Saga played stadiums in Venezuela and Puerto Rico – including one 1981 gig in San Juan in front of 15,000 people, some of whom used a sledgehammer to knock down a concrete wall to get in before being beaten back by police; another fan axed his way through the ceiling and descended into the venue on a rope. In 1984, Saga would become the first Canadian band to play behind the Iron Curtain, bribing border guards with alcohol and T-shirts to get through, even with the proper visas and an invitation to christen a new stadium in Bucharest. Earlier this month, on the Cruise to the Edge – a Caribbean cruise tour headlined by Yes and Marillion – Saga fans from all over the world came to see one of the band's final gigs.
Saga did well enough in Canada – their 1982 live album In Transit went platinum here (it's also the first live rock album ever released on CD). But after headlining Toronto's Maple Leaf Gardens in 1984, they didn't play their hometown for almost another decade, concentrating instead on Europe.
"Our domineering English manager didn't think much of our own country," Gilmour says. "He wanted America and Europe, because that's where all the money was. Big mistake. We should have always come back and toured Canada at least once a year. Out of sight, out of mind."
However, touring the United States extensively with Jethro Tull, Pat Benatar and Eddie Money did push sales of Worlds Apart to gold status there (500,000 copies).
But an expensive lifestyle jet-setting between London, the Bahamas and Munich, combined with mismanagement and an ill-advised embrace of digital sequencing – which diluted the band's unique sound – led to the departure of two key members (Gilmour and drummer Steve Negus) in 1986. Commercial oblivion followed. Saga's last chart hit was limp MTV fodder, called What Do I Know? Many fans wondered the same, and gave up.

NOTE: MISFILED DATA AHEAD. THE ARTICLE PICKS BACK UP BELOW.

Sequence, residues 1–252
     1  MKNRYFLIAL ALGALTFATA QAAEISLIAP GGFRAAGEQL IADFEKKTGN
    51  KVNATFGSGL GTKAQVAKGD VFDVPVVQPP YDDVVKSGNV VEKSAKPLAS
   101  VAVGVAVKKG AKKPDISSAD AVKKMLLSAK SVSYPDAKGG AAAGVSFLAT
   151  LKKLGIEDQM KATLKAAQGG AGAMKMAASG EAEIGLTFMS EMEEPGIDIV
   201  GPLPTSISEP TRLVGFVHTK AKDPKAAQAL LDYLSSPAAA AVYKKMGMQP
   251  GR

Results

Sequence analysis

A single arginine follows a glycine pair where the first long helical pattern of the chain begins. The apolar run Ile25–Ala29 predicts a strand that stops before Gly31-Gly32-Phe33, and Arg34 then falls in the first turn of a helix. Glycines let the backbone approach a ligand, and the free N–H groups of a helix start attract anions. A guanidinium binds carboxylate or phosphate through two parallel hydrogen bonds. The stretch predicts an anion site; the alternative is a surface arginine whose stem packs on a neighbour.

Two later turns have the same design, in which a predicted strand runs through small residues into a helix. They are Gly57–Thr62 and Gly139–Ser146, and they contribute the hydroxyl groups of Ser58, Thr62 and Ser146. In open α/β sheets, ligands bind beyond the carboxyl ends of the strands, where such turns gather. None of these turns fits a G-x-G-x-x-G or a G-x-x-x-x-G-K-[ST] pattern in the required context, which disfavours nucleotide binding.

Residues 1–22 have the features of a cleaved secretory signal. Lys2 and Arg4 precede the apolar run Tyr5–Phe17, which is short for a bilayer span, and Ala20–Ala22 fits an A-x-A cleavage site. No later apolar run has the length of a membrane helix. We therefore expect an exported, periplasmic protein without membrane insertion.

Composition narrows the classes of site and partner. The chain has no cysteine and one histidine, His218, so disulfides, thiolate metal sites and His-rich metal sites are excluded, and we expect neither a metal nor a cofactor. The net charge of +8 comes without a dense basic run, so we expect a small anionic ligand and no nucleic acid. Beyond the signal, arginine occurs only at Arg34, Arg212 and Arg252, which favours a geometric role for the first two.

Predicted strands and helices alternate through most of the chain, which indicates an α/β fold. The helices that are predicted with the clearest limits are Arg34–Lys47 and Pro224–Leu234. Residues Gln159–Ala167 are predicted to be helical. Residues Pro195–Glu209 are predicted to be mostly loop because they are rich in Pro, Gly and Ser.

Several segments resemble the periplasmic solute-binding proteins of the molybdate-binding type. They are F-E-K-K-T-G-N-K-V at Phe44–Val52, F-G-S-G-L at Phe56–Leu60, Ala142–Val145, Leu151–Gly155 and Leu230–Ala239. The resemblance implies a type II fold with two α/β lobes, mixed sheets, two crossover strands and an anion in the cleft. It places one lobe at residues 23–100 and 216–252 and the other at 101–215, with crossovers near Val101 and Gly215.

But Saga never slowed down: In all, the band released 22 studio albums and eight live albums over the past 41 years.
"Saga has never been considered a nostalgia act in Europe, because they continued to release new albums on a frequent basis," says Dutch music writer Edwin Ammerlaan, who published a biography of the band in 2007. He's likely alone in thinking the band gives short shrift to their new material in sets that still rely heavily on the first four albums.
Saga threw fans more than a few curveballs in the past 25 years. To the relief of old fans, Gilmour and Negus returned in 1993 for The Security of Illusion, which jettisoned pop ambitions and shifted back to the band's core sound. (Negus left again in 2003; four drummers have followed in his wake.)
The later discography is spotty: a rock opera, a soundtrack to an aborted TV series, a brief interlude with a different lead singer, attempts to fit in with the grunge era. But their last two albums, including 2014's Sagacity, landed them back in the top 20 of the German charts. Ammerlaan says that in the Past couple of years, Saga is "absolutely on top of their game. I've seen them play some of their best shows ever – and believe me, I've seen a lot. I stopped counting at 100."
So why pack it in?
Everyone is in their early 60s and still healthy. "We do need a break," Gilmour says. "I need to do more camping for a little while. Ian and I are working on a new project. It will probably sound a lot like Saga. But who knows what the future will bring?"
Offers are still coming in. "In all reality," Ian Crichton says, "we might come back next year. We'll see. There's no quitting for me. I'm still breathing. I still want to play."
Saga plays its farewell concert in Toronto on Feb. 24 at The Phoenix Concert Theatre (phoenixconcerttheatre.com).